, Volume 45, Issue 1, pp 111-123

SNARE complex regulation by phosphorylation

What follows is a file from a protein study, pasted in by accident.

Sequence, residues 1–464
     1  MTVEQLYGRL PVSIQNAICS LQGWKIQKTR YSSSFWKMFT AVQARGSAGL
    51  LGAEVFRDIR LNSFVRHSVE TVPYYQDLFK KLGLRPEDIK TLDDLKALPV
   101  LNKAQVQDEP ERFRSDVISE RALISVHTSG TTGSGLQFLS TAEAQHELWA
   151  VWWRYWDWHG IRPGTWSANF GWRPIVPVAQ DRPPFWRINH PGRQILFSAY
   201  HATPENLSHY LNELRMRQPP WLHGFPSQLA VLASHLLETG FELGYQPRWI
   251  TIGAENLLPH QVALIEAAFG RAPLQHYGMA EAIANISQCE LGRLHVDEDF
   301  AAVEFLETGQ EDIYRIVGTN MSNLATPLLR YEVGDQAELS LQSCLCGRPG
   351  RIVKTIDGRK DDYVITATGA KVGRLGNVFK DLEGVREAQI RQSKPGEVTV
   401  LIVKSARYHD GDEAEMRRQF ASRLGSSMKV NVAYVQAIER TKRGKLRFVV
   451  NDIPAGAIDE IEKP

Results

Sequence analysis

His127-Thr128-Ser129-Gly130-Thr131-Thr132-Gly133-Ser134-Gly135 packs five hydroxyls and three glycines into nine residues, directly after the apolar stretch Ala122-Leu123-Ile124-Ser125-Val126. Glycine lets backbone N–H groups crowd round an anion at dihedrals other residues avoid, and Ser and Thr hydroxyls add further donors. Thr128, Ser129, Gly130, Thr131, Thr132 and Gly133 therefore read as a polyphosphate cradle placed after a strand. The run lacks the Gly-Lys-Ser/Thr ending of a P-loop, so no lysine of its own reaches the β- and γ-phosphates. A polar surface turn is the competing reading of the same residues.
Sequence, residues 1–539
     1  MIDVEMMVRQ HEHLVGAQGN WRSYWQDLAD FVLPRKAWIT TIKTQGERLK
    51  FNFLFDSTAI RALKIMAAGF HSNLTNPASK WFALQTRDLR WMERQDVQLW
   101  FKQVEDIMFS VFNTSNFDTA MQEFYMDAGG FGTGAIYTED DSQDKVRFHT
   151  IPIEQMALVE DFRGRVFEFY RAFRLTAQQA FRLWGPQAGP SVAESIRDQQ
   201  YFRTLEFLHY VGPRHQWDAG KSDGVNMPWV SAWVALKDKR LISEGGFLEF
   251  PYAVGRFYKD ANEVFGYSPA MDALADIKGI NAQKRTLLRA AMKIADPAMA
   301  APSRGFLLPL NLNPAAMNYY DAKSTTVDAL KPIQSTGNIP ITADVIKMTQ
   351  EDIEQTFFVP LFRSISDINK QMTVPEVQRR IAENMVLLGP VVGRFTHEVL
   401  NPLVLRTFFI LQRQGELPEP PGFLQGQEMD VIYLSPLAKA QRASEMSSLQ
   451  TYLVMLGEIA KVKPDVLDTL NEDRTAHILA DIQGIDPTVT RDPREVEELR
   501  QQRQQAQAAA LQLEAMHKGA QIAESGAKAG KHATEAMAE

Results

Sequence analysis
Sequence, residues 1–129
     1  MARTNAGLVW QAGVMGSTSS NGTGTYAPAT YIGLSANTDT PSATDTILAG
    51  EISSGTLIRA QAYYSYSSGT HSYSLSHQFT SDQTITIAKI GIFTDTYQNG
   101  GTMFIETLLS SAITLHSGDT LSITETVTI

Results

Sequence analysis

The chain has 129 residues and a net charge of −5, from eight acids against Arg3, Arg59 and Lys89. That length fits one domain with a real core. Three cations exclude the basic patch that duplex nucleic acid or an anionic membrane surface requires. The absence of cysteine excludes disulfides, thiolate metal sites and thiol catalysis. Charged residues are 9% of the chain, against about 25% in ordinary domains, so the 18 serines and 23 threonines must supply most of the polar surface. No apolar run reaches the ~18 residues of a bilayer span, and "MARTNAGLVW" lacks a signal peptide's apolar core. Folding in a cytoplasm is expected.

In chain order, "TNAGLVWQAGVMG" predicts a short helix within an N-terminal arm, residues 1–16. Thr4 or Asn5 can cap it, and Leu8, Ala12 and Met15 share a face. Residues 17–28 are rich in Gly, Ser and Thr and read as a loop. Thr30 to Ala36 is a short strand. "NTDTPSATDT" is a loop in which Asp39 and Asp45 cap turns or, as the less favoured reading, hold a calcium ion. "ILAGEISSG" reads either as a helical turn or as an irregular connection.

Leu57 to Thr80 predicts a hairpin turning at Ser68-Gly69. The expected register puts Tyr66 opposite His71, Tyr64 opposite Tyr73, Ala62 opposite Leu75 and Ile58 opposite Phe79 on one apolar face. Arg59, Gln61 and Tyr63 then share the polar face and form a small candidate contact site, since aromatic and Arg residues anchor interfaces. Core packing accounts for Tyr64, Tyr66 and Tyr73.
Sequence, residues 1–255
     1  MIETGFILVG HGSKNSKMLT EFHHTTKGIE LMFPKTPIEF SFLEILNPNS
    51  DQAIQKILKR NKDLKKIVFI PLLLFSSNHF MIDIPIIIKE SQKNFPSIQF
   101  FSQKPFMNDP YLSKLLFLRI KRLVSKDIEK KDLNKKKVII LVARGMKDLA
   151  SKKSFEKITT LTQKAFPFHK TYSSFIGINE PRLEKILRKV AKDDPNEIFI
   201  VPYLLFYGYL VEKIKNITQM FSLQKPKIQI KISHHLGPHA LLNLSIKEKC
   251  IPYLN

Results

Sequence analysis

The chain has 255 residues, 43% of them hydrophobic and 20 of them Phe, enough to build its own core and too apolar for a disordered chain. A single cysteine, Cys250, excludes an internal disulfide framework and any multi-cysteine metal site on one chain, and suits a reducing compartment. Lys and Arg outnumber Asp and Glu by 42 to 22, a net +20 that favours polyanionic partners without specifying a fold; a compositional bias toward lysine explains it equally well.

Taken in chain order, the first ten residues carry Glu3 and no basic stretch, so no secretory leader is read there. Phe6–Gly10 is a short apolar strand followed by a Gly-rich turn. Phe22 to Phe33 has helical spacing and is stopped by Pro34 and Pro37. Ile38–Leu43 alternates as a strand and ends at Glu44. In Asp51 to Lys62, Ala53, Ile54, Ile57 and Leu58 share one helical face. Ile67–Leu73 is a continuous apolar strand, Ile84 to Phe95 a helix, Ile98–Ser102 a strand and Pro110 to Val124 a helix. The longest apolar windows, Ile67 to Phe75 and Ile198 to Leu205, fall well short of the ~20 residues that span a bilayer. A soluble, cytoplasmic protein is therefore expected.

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SNAREs (soluble N-ethylmaleimide-sensitive fusion factor attachment protein receptors) are ubiquitous proteins that direct vesicular trafficking and exocytosis. In neurons, SNAREs act to mediate release of neurotransmitters, which is a carefully regulated process. Calcium influx has long been shown to be the key trigger of release. However, calcium alone cannot regulate the degree of vesicle content release. For example, only a limited number of docked vesicles releases neurotransmitters when calcium entry occurs; this suggests that exocytosis is regulated by other factors besides calcium influx. Regulation of the degree of release is best explained by looking at the many enzymatic proteins that interact with the SNARE complex. These proteins have been hypothesized to regulate the formation, stability, or disassembly of the SNARE complex and therefore may regulate neurotransmitter release. One group of enzymatic regulators is the protein kinases. These proteins phosphorylate sites on both SNARE proteins and proteins that interact with SNARE proteins. Recent research has identified some of the specific effects that phosphorylation (or dephosphorylation) at these sites can produce. Additionally, palmitoylation of SNAP-25, regulates the localization, and hence activity of this key SNARE protein. This review focuses on the location and effects of phosphorylation on SNARE regulation.